Affordable price, filters available for many makes and models


Not many options for older vehicles

Everything You Need to Know About Engine Air Filters

The Best Engine Air Filters (9)

Photo Credit: NONGASIMO via Shutterstock

Your car has an engine air filter for a fundamental reason, to protect it from being damaged by airborne particulate matter. This holds true whether you drive to the grocery store once a week or have a daily 100-mile commute.

What are Engine Air Filters?

An engine air filter is a device placed in an engine’s intake system which is designed to separate particulates from the air before it reaches the engine, where it can cause damage.

Engine air filters aren’t to be confused with cabin air filters which are part of the HVAC system; their job is to clean the air within the car's passenger compartment. Cabin air filters often look like engine air filters and use similar technology.

Engine Air Filter Materials

The Best Engine Air Filters (10)

Photo Credit: Cherdchai charasri via Shutterstock

Various materials are used as filter media, sometimes on their own or in combination. Here are a few examples of the most common filter media materials.


Easily the most common filter material, cellulose is what comprises the hard exterior of plants’ cellular walls and is well-known as the material most paper is made of. Cellulose air filter media is essentially a specialized form of paper that allows air to pass through while collecting atmospheric particulate matter. Sometimes, nanofibers or other materials are used in conjunction with cellulose to improve effectiveness.


Cotton is also used in engine air filtration, notably for performance-oriented filters like those produced by K&N. In these applications, layers of cotton gauze are sandwiched between wire screen for strength, pleated, and sprayed with a special, tacky oil that traps particulates.


Foam air filters are common on gasoline-powered lawn and garden implements and for high-performance and off-road automotive applications. They aren’t usually specified as OEM or OEM replacement.

Polyester and Other Synthetics

Synthetic fibers are also used in air filter media. Sometimes in conjunction with cellulose or on their own, often as non-woven fabric filter media. Some manufacturers have been working with so-called nanofibers, which are incredibly tiny and spun with different surface profiles to make them very efficient as filter media.

How do Engine Air Filters Work?

When your car’s engine runs, it draws air through its induction system; the air filter is part of that system. Air passes through the air filter, and suspended particulates adhere to the filter media through the action of separation mechanisms. A separation mechanism simply refers to how dirt “gets stuck” in the filter.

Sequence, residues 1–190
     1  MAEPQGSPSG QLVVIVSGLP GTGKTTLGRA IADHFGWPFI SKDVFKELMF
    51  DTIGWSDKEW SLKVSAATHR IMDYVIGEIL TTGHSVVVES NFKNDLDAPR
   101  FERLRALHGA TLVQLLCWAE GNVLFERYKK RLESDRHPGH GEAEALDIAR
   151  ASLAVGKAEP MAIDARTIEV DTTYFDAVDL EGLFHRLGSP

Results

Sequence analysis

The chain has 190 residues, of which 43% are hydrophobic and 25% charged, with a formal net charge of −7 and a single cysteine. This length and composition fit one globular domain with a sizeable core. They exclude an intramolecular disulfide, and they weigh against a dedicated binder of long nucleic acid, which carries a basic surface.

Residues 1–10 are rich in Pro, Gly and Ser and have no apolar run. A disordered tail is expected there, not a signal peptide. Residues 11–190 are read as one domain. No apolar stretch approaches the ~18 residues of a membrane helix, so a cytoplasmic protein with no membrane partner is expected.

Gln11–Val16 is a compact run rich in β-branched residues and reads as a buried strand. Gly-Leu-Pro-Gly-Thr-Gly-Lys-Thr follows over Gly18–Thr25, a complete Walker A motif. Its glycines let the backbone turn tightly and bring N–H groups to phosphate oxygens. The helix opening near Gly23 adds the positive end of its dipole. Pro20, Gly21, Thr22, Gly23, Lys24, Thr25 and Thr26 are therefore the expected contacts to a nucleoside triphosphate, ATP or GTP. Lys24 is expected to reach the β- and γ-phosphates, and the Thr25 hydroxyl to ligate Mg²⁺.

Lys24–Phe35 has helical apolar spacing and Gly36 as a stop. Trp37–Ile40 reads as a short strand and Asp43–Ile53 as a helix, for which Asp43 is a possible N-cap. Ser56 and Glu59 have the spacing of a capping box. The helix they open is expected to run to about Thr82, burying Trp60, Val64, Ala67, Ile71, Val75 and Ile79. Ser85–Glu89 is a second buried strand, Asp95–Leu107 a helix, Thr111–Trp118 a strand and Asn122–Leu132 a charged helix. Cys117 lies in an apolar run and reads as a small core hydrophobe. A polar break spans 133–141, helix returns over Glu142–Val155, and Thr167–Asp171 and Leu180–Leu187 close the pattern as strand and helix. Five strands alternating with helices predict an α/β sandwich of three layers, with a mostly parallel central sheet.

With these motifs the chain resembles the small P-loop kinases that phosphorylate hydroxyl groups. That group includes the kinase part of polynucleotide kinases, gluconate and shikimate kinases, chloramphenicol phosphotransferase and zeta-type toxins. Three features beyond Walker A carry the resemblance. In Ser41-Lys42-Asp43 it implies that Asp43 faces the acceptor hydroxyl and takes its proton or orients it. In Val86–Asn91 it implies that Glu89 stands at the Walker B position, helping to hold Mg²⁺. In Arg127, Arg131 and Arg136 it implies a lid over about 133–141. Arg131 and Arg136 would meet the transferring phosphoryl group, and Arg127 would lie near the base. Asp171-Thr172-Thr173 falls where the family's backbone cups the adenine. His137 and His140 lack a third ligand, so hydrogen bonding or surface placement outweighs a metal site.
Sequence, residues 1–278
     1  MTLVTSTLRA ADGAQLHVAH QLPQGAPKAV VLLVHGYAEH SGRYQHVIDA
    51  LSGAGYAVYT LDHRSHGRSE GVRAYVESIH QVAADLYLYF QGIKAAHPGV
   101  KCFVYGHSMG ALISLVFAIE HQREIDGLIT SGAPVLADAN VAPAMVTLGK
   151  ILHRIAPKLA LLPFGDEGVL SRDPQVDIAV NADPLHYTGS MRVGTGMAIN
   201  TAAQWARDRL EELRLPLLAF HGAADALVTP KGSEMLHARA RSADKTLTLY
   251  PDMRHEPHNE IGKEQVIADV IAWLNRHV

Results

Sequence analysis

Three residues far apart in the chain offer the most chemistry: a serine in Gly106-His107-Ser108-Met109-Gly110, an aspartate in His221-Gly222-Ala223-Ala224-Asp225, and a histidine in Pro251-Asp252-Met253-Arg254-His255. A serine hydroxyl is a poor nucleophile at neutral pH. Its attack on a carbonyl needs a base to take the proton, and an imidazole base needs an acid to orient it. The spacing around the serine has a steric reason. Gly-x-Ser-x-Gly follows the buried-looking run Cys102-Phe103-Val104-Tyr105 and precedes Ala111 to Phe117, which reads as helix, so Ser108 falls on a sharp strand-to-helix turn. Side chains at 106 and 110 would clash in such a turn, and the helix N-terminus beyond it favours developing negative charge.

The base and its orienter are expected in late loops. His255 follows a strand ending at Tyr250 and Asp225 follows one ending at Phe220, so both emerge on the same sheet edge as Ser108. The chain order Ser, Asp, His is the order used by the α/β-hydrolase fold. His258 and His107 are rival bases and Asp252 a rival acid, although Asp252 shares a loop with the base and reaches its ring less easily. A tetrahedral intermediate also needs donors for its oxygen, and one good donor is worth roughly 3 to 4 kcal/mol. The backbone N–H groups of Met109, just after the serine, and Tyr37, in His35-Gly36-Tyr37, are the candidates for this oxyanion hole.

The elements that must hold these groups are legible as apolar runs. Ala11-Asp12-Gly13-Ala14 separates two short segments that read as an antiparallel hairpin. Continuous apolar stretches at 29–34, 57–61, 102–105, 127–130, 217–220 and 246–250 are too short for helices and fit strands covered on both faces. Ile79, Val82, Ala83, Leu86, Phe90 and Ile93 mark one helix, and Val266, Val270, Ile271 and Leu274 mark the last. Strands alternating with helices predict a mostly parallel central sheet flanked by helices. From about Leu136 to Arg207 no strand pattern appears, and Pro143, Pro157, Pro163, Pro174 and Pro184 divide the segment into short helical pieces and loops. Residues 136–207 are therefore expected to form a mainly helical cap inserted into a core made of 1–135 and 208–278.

The efficiency of an air filter is expressed as a percentage which is usually determined by allowing a known quantity of test dust to pass through the filter over a given period of time, then measuring the difference. i.e., if air laced with 100 grams of dust is allowed to pass through a filter, and 99 grams become trapped while 1 gram passes through, that filter would be said to be 99% efficient. This is an oversimplification but serves to illustrate the concept.

How Do You Know When to Change Your Engine Air Filter?

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A clean air filter vs a dirty one that needs changing. Photo Credit: Nor Gal via Shutterstock

Whatever the factory recommended air filter service interval for your engine, you should check the air filter physically a couple of times a year, or every 7,000 to 10,000 miles. If you drive in particularly arduous conditions, such as areas that are very dusty, you should check your engine air filter more frequently.

Some vehicles will display information about air filter life on the dashboard through the driver information center. Others may have a mechanical device located under the hood on the airbox, which shows airflow restriction. These usually look like a small, clear plastic canister with colored markings and a plunger that indicates the approximate efficiency of the air filter. After you replace the filter, it can be reset. Note that not all vehicles have an air filter life indicator.

Open the filter housing and remove the air filter element as described below. If the design of your air filter allows, gently spread the pleated filter media apart and check for debris. If debris is accumulating and the filter media looks very soiled, it’s probably time to replace the filter. As noted earlier, a dirty air filter might reveal itself through reduced engine performance; ideally, you will have replaced it before it gets to that point.

How Often Should a Car Engine Filter be Changed?

Engine air filters should generally be replaced every 15,000 to 30,000 miles or as recommended by your owner’s manual. Some filter manufacturers recommend doing so every 12,000 miles, but they have a vested interest in selling more filters.